- From 1934-1937, traveled around the country giving public and private seminars based on the methodology of general semantics as formulated and discussed in Science and Sanity. Some of the more significant seminar venues included Harvard University, Williams College in California, Olivet College in Michigan, the Barstow School for Girls in Kansas City, and several conducted in Los Angeles.
- In August 1938, after securing initial funding from Cornelius Crane (Chicago) and Frances Stone Dewing (Massachusetts), founded the Institute of General Semantics in Chicago. He was assisted by M. Kendig who resigned as Headmistress of the Barstow School to move to Chicago and become the Institute’s first Education Director.
- Began regular schedule of delivering seminars at the Institute and various universities throughout the country.
- With the Institute, moved to Lakeville (Lime Rock), Connecticut, in April 1946 following the post-war housing shortage in Chicago.
- Continued his exhaustive schedule of seminars until his death on 1 March 1950.
- His final paper, “The Role of Language in the Perceptual Processes” was published as a chapter in Perception: An Approach to Personality, edited by Robert R. Blake and Glenn V. Ramsey in 1951.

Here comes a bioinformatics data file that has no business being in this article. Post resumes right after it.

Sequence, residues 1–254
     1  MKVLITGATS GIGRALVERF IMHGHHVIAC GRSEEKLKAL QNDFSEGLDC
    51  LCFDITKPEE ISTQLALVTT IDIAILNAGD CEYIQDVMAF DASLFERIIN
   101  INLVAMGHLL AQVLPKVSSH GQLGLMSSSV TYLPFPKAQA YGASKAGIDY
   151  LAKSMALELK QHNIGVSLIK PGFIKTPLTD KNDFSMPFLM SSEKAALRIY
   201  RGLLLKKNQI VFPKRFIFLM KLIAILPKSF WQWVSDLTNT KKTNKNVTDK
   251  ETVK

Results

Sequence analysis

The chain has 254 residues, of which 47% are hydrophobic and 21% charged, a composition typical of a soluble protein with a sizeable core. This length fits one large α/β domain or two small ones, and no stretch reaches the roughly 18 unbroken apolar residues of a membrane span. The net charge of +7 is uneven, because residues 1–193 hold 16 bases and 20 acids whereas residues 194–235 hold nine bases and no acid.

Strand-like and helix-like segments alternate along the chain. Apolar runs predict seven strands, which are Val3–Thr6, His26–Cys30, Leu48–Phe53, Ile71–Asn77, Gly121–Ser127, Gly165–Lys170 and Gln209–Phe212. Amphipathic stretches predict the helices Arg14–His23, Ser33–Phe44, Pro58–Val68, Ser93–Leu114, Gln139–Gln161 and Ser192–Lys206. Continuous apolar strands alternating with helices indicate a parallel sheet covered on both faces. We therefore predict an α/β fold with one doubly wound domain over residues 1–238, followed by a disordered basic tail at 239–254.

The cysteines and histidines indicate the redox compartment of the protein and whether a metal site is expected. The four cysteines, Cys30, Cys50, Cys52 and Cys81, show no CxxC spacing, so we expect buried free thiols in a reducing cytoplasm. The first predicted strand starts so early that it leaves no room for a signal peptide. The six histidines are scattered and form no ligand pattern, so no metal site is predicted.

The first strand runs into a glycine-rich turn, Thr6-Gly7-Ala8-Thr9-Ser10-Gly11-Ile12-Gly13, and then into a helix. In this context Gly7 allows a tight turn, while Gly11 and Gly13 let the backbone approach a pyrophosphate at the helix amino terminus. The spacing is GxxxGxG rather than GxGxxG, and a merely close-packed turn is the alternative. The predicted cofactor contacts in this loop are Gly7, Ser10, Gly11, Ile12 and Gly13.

Accounts of Alfred Korzybski
Read “Alfred Habdank Skarbek Korzybski: A Biographical Sketch” by Korzybski’s long-time literary secretary and executrix Charlotte Schuchardt Read.
Read “Alfred Korzybski: A Memoir” by Korzybski’s long-time associate and IGS Education Director M. Kendig.
The following are the published works of Alfred Korzybski:
- Manhood of Humanity
- Science and Sanity: An Introduction to Non-Aristotelian Systems and General Semantics
- Olivet College Lectures
- Collected Writings
Kenneth S. Keyes, Jr. — a student of Alfred Korzybski and one might call a documentarian of the man — filmed Alfred Korzybski in 1944 at the Institute of General Semantics in Chicago, Illinois, and in 1947 in Warm Springs, Georgia (9:23).
A short video with Korzybski explaining the process of abstracting using his Structural Differential model (2:50).
A.H. KORZYBSKI, 70, SCIENTIST, IS DEAD
Founder of General Semantics Institute Saw Ideas Put to Use in Many Fields
SHARON, Conn., March 1 (AP) – Alfred Habdank Korzybski, scientist and author, an early authority on general semantics, died early today at Sharon Hospital at the age of 70. Death was due to a coronary thrombosis, with which he was stricken at his home in near-by Salisbury shortly after midnight.